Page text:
Thinking Beyond the Box: Modern Storage Methods

Tour enough ruins of ancient civilizations and eventually you’ll see windowless interior rooms, usually with just one entrance. Prison cell? Least desirable living quarters for people of low social standing?

Probably not, archeologists say. These rooms probably served as warehouses, used to store the harvest or other valuable goods.

People have always set aside areas to store items, but the warehouse of today differs greatly from ancient windowless rooms. Modern warehouse design considers the specialized needs of today’s complex supply systems – and the people who facilitate business success. Architects, engineers, and other specialists use advanced computer software to design warehouses that make the best use of space, allow goods to move in the most efficient way, and provide a safe environment for workers. The process begins with a series of questions.

What are the characteristics of the building site?

The least expensive site will be large, open, and relatively flat, allowing unhampered construction of a large facility. Businesses today may not have the luxury of owning such land in a convenient location. Vertical warehouse design is more complicated and more expensive, but sometimes it’s the best choice.

What will happen in the warehouse?

It’s not enough to have a space that can hold materials and goods. Modern warehouse design requires thought to how items enter the building, how they are stored, and how they will be moved out of the facility. Some warehouses will require temperature and humidity control. Some will require specialized areas for combustible or corrosive materials. All require consideration of traffic flow, space for equipment to move items, and accessibility of stored materials.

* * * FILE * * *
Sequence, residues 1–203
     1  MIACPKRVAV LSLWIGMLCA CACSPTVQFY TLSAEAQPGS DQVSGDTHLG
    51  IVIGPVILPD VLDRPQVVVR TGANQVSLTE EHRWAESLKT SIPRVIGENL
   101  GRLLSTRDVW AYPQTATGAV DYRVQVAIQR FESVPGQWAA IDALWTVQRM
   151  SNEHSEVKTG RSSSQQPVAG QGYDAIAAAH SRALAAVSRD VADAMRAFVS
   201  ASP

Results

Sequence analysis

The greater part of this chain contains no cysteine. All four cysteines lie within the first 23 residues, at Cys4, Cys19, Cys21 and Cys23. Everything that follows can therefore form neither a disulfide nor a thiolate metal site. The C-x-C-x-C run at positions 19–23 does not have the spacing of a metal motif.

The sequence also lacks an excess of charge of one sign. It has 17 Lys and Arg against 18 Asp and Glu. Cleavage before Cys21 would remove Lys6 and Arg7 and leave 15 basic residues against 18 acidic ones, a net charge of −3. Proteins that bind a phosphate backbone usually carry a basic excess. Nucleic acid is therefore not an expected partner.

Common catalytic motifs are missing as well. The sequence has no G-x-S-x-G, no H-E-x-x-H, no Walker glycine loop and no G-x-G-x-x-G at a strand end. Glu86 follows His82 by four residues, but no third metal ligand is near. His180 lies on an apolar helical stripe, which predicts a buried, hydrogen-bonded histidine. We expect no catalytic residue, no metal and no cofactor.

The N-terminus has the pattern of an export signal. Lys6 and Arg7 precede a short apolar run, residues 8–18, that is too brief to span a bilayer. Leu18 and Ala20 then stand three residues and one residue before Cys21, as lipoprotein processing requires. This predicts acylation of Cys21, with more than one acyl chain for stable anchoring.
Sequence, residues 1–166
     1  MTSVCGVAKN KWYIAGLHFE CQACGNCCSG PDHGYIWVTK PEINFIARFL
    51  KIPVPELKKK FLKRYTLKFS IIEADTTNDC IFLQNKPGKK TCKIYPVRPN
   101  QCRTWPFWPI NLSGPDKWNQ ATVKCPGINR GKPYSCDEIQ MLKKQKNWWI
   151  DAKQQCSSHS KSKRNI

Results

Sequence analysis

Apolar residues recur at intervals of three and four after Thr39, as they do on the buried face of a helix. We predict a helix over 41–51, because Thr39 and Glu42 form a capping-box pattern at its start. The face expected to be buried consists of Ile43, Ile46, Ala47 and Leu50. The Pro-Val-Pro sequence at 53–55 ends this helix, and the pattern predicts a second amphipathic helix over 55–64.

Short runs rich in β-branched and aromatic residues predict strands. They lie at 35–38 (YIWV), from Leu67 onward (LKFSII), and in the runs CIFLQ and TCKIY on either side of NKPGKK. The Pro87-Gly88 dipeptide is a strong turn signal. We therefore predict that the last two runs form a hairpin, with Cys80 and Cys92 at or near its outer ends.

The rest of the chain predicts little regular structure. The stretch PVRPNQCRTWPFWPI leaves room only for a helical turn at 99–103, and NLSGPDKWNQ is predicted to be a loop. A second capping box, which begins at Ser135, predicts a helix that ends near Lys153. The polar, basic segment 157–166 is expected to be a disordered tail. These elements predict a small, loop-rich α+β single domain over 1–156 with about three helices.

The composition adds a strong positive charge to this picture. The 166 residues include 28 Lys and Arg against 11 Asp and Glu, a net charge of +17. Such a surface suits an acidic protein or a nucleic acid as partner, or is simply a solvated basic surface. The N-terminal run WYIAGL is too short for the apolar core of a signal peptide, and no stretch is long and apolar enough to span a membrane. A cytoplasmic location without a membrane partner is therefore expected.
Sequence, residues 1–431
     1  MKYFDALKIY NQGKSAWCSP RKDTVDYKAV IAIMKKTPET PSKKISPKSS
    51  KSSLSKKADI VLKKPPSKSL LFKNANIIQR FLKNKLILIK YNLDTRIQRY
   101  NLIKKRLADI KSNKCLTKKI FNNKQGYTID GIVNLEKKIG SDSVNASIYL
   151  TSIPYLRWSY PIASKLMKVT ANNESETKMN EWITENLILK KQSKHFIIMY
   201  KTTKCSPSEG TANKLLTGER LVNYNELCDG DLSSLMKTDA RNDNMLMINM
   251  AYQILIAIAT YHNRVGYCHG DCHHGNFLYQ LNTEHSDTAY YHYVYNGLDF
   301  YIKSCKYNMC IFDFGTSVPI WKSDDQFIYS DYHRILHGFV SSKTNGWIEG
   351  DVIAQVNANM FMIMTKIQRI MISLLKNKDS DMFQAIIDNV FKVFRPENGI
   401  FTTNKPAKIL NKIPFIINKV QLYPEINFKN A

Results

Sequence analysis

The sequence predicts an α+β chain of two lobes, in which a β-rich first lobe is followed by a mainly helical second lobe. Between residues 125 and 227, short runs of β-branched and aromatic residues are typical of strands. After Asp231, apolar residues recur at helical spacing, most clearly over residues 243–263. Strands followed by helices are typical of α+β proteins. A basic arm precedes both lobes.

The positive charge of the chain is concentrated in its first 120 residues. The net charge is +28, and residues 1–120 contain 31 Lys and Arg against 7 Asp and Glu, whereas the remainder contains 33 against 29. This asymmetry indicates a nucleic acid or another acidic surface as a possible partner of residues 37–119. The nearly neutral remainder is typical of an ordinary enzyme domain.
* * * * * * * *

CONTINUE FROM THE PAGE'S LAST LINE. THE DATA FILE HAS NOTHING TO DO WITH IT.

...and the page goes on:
What will happen outside of the warehouse?

How items will enter and leave the warehouse can greatly influence design. In some warehouses, items move by mechanized systems to nearby facilities for further processing. In others, items move into semi-trailers, trucks, or train cars. Still others may rely on a combination of handling systems. Each requires supporting infrastructure that affects design. Process engineers provide the expertise needed for designing conveying systems and robotics.

What will the warehouse environment be like for workers?

OSHA standards are set to protect workers from hazards and must be considered in any warehouse design. Other organizations have their own guidelines. The Conveyor Equipment Manufacturers Association, for example, has guidelines to make conveyors safer for people who work with or around the equipment.

The safety and comfort of workers is a factor that influences a variety of warehouse design scenarios. A warehouse with goods that must be kept at a colder temperature, for example, might include heated spaces for employee comfort. Extra lighting might be included in areas that pose potential risks to worker safety. Pedestrian and vehicle traffic should be separated to reduce the risk of accidents.

In an extremely large facility, like a regional distribution center, architects need to carefully evaluate life safety issues such as exits and compartmentalization of fire areas: How do workers get to safety from the middle of a 1.5 million square foot building?

Modern warehouse design relocates hazardous zones out of the mainstream; clearly marked controlled access zones help to protect workers.

What is the probable future of the warehouse?

No one has a crystal ball, but it’s possible – and wise – to plan for tomorrow. Modern warehouse design takes into consideration how processes may change, how shifts in consumer demand might affect inventory, and even how worker responsibilities may evolve. There are warehouses operating today that rely solely on automation, where robots directed from a remote location move items and maintain records. Is that the wave of the future?

For more information about designing warehouses and other structures, contact one of the architectural experts at Ayres.

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